Family Dollar, a troubled discount store, is up for sale. They have entered an agreement to merge with Dollar Tree for US$8.5 billion. Recently, Dollar General, a competitor, offered US$9.7 billion. On August 21, 2014, Family Dollar’s board unanimously rejected Dollar General’s offer and reasserted their desire to go forward with Dollar Tree. The grounds were that Dollar General failed to address Family Dollar’s antitrust concerns. Somewhat ironically, this rationale has likely given Dollar General a roadmap to a bid that Family Dollar’s board couldn’t refuse without breaching their fiduciary duties.

Substantive antitrust issues rarely arise in mergers and acquisitions. When they do, they can have significant ramifications. The government can demand meaningful divestitures or even sue to block a deal. When considering competing bids, all other things being equal, a seller looking at a strategic and financial buyer should always pick the financial buyer. They will have no antitrust issues, and therefore no chance of delay or litigation. Potential strategic buyers must compensate sellers for the additional risk as well as shift some or all of this risk to themselves to produce a superior bid.

In the Family Dollar case, you have two strategic buyers competing against each other. It is perfectly logical and expected that the Family Dollar board would consider which of the two offers would raise fewer antitrust issues and thus represent the clearest path to consummation. The press is reporting that Dollar General offered to sell up to 700 stores to obtain regulatory approval, and that offer equaled the offer from Dollar Tree. Family Dollar’s chairman and CEO, Howard Levine, stated that “[o]ur board reviewed, with our advisors, all aspects of Dollar General’s proposal and unanimously concluded that it is not reasonably likely to be completed on the terms proposed.” The press is also reporting that Family Dollar stated that its board attempted to meet with Dollar General’s lawyers on the antitrust issues but was rebuffed.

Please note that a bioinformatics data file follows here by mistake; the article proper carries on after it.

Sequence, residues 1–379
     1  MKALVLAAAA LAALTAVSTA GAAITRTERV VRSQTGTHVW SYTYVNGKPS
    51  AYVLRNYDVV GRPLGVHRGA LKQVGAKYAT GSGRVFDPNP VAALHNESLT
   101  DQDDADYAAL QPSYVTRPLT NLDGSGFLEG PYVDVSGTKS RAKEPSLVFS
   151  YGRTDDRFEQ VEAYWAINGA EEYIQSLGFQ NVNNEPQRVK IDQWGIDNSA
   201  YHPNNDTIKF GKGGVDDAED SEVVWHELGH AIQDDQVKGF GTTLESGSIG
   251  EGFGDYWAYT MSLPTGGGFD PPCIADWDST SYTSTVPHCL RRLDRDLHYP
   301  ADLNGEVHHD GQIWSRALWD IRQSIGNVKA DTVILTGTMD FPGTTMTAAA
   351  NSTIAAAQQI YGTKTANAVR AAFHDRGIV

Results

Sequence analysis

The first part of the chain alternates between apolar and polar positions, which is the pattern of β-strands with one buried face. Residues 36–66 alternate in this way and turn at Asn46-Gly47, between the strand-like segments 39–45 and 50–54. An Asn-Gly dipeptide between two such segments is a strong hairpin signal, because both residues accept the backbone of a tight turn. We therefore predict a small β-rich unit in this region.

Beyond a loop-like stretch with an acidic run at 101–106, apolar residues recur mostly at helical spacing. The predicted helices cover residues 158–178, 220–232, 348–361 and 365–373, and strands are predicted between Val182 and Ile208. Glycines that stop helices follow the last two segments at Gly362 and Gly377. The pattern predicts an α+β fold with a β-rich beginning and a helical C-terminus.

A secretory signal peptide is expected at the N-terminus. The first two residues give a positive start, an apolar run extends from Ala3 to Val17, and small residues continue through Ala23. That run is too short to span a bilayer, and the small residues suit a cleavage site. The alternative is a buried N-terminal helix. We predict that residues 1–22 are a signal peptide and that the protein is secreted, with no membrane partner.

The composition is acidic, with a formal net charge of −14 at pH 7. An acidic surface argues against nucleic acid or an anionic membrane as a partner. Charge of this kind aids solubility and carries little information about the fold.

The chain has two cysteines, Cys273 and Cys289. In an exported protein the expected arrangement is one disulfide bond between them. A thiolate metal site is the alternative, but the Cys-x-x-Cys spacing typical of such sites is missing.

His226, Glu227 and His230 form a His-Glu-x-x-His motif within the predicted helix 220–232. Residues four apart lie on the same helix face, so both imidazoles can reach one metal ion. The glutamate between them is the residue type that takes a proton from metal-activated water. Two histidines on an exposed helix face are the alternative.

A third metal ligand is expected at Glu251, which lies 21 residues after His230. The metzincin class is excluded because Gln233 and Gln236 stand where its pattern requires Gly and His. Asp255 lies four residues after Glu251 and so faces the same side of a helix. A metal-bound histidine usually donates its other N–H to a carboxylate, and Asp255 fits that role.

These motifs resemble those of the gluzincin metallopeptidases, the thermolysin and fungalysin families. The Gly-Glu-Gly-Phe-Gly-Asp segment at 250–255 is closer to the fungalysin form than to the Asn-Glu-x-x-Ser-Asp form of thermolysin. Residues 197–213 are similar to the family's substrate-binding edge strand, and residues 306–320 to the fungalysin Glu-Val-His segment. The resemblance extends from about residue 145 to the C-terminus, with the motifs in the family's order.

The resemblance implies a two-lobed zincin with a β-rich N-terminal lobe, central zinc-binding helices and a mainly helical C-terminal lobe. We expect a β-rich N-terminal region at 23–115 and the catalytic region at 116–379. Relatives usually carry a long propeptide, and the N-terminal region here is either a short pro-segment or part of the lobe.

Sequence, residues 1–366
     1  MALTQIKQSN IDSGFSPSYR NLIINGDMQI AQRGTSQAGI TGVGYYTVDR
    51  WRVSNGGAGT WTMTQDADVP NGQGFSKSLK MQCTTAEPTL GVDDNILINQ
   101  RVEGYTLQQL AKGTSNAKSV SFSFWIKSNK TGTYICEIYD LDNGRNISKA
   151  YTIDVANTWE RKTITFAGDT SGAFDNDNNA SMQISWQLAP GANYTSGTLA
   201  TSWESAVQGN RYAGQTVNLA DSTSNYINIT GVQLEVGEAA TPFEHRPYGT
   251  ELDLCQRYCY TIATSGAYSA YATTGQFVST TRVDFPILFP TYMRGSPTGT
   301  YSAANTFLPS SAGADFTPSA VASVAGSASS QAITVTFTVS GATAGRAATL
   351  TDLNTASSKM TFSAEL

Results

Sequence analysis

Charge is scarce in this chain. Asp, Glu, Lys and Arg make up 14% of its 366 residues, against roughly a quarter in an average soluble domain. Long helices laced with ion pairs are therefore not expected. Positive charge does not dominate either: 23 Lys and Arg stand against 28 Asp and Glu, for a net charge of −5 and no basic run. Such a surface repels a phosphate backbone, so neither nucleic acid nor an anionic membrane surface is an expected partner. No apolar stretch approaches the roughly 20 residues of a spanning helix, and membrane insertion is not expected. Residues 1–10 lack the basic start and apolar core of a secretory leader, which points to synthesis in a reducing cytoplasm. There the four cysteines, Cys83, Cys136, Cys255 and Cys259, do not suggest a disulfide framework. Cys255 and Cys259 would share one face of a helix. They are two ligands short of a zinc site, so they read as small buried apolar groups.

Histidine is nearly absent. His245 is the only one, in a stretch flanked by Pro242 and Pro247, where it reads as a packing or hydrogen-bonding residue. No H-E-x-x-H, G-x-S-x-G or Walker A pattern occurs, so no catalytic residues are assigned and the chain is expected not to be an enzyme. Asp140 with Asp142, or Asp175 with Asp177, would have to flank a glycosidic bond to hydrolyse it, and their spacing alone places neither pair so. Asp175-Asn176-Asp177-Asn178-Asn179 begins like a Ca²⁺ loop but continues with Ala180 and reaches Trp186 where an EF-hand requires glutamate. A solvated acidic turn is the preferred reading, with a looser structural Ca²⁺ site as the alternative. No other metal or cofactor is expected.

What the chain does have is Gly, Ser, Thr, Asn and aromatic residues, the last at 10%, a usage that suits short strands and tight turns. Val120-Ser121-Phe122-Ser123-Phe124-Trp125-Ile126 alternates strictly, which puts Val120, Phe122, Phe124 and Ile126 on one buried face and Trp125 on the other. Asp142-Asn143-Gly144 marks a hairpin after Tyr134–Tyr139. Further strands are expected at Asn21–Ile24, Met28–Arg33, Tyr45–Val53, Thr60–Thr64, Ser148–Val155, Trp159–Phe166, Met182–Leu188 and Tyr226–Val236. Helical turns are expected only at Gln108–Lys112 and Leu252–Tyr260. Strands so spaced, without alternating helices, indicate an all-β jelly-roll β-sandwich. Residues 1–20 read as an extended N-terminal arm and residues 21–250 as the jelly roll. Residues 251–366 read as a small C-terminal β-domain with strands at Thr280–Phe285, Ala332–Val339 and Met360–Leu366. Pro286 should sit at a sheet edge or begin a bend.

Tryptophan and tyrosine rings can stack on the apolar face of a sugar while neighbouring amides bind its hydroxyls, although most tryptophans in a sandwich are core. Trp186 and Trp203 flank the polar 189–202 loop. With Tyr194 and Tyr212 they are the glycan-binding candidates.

Ultimately, in order to block a deal on antitrust grounds, the U.S. Department of Justice or Federal Trade Commission has to prove in court that the transaction is likely to substantially lessen competition or tend to create a monopoly. What sort of transaction is likely to substantially lessen competition is a complex inquiry involving a lot of theory and prognostication. At the stage where a seller is taking multiple bids, it is highly unlikely that anyone has sufficient facts to judge with any precision whether a potentially problematic deal could make it through to consummation. In fact, two perfectly reasonable, similarly situated antitrust lawyers could come up with two diametrically opposed opinions about the likelihood of a transaction’s success.

Absent any actual facts, the foregoing suggests, at a minimum, that an antitrust lawyer has told the Family Dollar board that it is likely that the agencies would require more divestitures from Dollar General than Dollar Tree, and that with a limit of 700, it is likely the agencies would not accept a consent and sue the parties to enjoin the deal. At this stage of the process, it is highly likely that you could find a reputable antitrust lawyer that would give the opposite opinion, that that deal could in fact proceed with a divestiture package of some sort near 700 stores or less. But Dollar General’s hands are tied. They cannot force the Family Dollar board to believe one expert over another no matter how famous or reasonable sounding the expert is.